Part I: Vocabulary and terminology in academic writing
The two contributions of Part I address corpus-based studies that focus on lexical and terminological aspects of L2 academic writing in the fields of a) business administration and b) the natural sciences and engineering.
In her article “Writing for specific purposes: Developing business students’ ability to ‘technicalize’”, Christine S. Sing (Vienna/Austria) investigates how advanced students of business administration elaborate on technical terms in their L2 English writing by means of defining, exemplifying and explaining, i.e., how they ‘technicalize’. For this purpose, she draws on a self-compiled specialized corpus, the corpus of Academic Business English (ABE), which comprises approximately one million tokens and was compiled from assessed university student writing on a broad thematic range of business topics. Christine Sing’s analyses focus on the challenge frequently encountered by ESP students that they may be familiar ← 8 | 9 → with domain-specific concepts but lack the language resources necessary to appropriately embed them in their writing. Against this background, Sing pleads for a more effective orchestration of the teaching of subject-domain knowledge and the domain-specific language needed for communicating about it. This includes the necessity to firmly anchor professional genres in the relevant curricula, which should replace writing assignments, such as seminar papers, as they are often used as training texts. As she points out, the latter types of assignments “alienate students from the professional target genres” they are expected to be able to write in their later professional lives. Furthermore, she pleads for foregrounding the processual character of writing instead of misconstruing writing as a product.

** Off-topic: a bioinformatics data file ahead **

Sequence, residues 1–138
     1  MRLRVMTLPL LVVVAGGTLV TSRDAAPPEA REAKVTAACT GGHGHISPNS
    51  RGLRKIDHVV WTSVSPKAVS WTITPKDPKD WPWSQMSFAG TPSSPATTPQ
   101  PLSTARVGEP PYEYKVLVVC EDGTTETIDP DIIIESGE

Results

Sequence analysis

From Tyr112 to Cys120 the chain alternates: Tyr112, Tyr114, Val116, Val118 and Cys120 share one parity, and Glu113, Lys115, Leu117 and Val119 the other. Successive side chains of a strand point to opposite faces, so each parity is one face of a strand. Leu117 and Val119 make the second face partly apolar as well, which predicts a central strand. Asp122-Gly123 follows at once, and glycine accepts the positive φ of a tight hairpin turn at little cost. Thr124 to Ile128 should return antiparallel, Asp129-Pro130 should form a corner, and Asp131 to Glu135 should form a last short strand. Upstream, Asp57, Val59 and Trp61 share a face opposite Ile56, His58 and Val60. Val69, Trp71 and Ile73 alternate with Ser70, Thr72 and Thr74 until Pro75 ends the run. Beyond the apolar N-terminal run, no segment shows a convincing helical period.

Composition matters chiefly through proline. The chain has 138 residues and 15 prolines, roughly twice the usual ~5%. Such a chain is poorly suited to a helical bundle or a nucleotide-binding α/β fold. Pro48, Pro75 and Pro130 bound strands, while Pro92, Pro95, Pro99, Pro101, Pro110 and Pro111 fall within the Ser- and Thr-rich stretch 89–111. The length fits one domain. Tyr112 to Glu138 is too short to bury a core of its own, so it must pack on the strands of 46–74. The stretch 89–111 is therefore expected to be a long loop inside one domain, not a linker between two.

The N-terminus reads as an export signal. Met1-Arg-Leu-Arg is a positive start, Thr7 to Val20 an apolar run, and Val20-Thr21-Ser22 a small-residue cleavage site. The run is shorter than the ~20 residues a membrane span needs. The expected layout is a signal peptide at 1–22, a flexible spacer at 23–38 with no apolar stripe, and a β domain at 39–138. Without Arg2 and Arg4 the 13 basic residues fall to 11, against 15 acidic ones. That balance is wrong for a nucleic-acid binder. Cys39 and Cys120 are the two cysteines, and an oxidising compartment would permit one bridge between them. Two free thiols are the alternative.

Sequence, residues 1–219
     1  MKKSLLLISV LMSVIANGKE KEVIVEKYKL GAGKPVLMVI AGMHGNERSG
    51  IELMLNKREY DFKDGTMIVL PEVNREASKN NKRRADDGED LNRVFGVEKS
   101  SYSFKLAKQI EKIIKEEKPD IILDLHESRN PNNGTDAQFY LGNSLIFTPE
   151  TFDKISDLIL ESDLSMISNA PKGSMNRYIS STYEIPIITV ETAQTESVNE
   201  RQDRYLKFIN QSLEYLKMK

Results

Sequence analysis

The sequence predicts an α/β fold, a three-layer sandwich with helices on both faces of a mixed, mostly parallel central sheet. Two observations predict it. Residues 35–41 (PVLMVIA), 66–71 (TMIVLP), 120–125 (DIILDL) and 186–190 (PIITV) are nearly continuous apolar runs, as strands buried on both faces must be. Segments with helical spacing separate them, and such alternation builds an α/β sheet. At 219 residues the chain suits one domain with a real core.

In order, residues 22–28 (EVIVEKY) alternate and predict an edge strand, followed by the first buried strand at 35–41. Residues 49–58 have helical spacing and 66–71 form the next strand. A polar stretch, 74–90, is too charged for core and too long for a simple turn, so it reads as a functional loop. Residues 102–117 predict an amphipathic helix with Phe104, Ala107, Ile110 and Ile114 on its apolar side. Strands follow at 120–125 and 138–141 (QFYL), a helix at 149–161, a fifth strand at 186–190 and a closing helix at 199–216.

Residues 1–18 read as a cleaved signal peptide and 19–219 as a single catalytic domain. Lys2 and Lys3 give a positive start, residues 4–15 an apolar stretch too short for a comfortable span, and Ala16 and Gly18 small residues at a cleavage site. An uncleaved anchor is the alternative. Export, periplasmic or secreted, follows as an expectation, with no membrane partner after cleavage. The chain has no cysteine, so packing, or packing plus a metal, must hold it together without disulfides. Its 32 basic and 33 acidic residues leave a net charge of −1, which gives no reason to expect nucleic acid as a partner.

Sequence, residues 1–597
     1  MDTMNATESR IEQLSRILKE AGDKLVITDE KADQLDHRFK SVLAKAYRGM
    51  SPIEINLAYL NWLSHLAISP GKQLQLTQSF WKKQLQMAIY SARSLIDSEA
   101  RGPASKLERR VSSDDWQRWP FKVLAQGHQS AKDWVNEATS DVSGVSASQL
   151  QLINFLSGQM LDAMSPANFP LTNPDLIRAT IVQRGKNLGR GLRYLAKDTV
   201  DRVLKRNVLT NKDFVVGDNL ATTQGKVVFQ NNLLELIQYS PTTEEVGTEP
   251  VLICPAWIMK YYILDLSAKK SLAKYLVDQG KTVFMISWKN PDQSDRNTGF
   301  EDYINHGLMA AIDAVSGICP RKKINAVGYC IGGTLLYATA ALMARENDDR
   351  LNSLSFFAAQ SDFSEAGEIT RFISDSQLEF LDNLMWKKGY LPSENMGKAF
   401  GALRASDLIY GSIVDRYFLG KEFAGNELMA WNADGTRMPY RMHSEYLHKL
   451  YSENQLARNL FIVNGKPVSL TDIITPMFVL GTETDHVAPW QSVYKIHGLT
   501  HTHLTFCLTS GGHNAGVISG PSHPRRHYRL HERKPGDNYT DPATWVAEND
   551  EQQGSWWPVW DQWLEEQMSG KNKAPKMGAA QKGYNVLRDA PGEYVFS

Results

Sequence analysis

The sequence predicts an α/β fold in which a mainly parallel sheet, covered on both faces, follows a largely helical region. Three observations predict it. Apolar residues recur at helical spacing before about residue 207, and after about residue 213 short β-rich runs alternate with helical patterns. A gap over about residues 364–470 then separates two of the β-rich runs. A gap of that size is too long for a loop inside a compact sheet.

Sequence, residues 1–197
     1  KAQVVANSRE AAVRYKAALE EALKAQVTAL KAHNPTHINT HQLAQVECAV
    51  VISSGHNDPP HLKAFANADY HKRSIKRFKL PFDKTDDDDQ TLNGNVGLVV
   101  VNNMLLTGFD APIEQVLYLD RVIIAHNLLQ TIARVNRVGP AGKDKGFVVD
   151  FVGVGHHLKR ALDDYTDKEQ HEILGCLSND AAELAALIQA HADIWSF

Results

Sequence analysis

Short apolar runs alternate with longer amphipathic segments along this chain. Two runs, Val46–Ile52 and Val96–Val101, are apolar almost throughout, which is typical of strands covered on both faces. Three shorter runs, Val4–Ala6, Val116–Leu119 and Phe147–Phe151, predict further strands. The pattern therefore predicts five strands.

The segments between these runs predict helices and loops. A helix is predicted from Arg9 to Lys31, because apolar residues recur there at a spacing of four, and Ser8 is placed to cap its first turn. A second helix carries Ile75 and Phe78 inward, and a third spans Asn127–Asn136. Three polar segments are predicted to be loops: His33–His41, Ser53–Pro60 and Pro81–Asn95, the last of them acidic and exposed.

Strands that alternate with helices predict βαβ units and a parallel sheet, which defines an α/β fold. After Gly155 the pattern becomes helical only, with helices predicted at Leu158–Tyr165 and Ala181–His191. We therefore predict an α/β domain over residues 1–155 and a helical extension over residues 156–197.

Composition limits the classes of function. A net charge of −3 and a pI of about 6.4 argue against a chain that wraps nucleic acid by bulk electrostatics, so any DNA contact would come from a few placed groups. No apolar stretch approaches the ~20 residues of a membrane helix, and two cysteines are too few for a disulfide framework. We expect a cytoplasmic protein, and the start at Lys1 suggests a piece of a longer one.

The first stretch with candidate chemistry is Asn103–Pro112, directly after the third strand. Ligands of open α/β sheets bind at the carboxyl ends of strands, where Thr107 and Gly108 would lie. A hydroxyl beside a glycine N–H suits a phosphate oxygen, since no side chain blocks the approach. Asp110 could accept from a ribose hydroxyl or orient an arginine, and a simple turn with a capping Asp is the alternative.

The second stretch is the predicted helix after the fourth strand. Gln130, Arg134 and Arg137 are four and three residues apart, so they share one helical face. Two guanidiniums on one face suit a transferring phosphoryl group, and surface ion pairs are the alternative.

Hans Malmström, Diane Pecorari & Magnus Gustafsson (Gothenburg & Växjö/Sweden) contribute to our understanding of what we may reasonably expect of English Medium Instruction (EMI) for the development of students’ English language proficiency. More specifically, their article “Coverage and development of academic vocabulary in assessment texts in English Medium Instruction” focuses on advanced students’ productive knowledge of English academic vocabulary at a technical university in Sweden where all degree programmes at graduate level use English as the medium of instruction. Drawing on a corpus comprising 80 texts (approximately 720,000 words) produced by Swedish and international Master of Science students in their first and second years of study, they set out to answer the following three research questions: 1. What is the lexical coverage of the students’ writing, i.e., what proportion of words in their texts is academic? 2. Are home students and international students comparable in terms of their productive academic vocabulary knowledge? And 3. Does students’ productive knowledge of academic words appear to develop during their studies? Their findings call the effectiveness of EMI for academic vocabulary development into question.
Part II: Complex writing competence constructs
Whereas the articles of Part I focus on one specific aspect of academic writing skills, lexical competence, Part II comprises two articles which address the assessment of professional and academic writing skills in a more encompassing manner. ← 9 | 10 →